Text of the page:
In Kenya, music is East African history past and present
15 June 2018 | 1:04 pm
Music in East Africa is a record of the history, struggles and aspirations of the region. DW's Edith Kimani traces patterns in Kenyan music, from a collection of second-hand vinyl records to one of today's hottest Afro-pop bands.
Nigerian singer Bella Shmurda in a recent sit down with The Guardian Life has called on establish entertainers to educate upcoming artists about what is needed to survive in the Nigerian music industry.
Singer Bella Shmurda sat down with The Guardian Life for rapid-fire questions. Enjoy!
One of America's largest events -- Lollapalooza music festival in Chicago -- is underway this weekend, to the delight of fans and to the despair of others. The four day music festival is expected to draw more than 100,000 people to downtown Chicago each day, at a moment when coronavirus cases are on the rise and vaccinations have plateaued. Lollapalooza has said their policy is for unvaccinated people to wear masks and show a recent negative Covid test.
Going back to live performances is very much on the mind of musicians these days, after months of introspective confinements and home recordings due to the global Covid-19 pandemic. Ben Shemie from Suuns tells us more about his band's new album "The Witness", whose instinctive new sound will soon be taken to the stage, first in their native Canada and then on tour in Europe.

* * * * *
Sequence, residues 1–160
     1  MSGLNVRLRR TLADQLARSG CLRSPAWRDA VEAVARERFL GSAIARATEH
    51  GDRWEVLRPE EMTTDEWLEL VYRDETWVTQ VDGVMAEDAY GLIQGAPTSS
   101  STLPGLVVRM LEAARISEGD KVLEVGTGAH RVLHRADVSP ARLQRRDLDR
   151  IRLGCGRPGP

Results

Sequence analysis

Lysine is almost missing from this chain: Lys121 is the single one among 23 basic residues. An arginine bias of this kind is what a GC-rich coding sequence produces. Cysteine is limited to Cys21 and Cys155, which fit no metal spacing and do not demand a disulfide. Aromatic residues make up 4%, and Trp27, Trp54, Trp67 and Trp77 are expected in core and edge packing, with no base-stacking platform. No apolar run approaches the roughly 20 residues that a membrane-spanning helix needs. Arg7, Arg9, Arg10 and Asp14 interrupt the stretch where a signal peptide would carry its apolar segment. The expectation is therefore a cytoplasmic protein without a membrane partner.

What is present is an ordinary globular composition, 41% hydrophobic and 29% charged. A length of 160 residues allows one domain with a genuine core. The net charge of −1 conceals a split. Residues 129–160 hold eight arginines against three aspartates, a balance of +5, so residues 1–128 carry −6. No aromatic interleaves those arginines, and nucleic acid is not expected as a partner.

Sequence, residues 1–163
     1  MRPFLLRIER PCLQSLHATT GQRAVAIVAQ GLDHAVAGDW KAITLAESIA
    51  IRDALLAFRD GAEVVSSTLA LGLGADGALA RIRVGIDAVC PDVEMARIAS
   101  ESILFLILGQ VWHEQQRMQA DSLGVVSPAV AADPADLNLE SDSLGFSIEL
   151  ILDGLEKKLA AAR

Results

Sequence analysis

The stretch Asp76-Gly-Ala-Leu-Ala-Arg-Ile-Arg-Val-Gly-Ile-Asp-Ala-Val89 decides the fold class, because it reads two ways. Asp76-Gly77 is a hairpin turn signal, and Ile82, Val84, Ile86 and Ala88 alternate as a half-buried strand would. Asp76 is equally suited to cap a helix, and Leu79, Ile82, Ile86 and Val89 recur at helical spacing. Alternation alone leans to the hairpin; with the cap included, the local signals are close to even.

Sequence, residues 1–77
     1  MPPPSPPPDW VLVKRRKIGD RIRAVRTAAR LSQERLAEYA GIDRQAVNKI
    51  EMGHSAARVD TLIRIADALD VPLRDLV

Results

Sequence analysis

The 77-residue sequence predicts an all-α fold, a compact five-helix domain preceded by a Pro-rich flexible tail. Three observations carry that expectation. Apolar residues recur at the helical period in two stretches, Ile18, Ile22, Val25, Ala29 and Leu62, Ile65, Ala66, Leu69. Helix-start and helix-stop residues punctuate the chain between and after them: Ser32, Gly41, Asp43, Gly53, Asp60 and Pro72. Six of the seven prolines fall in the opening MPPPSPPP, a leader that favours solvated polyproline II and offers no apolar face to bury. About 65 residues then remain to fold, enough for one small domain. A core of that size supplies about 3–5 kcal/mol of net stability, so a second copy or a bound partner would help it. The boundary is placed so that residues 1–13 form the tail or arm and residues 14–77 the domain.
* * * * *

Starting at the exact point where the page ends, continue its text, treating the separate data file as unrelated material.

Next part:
Nigeria's foremost highlife musician, Sir Victor Uwaifo passed away a few days ago at the age of 80. GuardianTV takes a look at the life and time of the legendary singer and how he impacted the Nigerian music industry during his time.
Okhiogbe Omonblanks Omonhinmin, a creative, festival curator, producer, and programmer with 15-years of experience in music and film production, shares his view on education, Africa, and how he earned a two-year fellowship at the University of Art, Berlin without having the first degree.
Tucked away in an indoor market in Manchester, northwest England, lies the last shop in Britain dedicated to selling cassettes. Mars Tapes, founded in 2019 by a group of music lovers, is tapping into a nostalgic trend in cultural consumption accentuated by the coronavirus pandemic.
British electronic duo Jungle appeared out of nowhere in late 2013 as a mystery group, but their slick funk-pop singles quickly propelled them to fame. Their 2014 self-titled debut album was certified Gold in the UK and their follow up album "For Ever" confirmed their success around the world. This summer, they released their third studio album "Loving in Stereo", a collection of wall-to-wall bangers bursting with life. Josh Lloyd-Watson sat down with FRANCE 24's Florence Villeminot to talk about what inspired this 13-track bundle of love.
We start by looking at how the German papers are covering the upcoming coalition talks. We then focus on disgraced US singer R. Kelly’s conviction for sex trafficking. Variety wonders if his music should be banned from streaming sites. We also see how the fight for the right to an abortion continues in France. Finally, we take a look at the non-fairy tale coverage of Japan's upcoming royal wedding.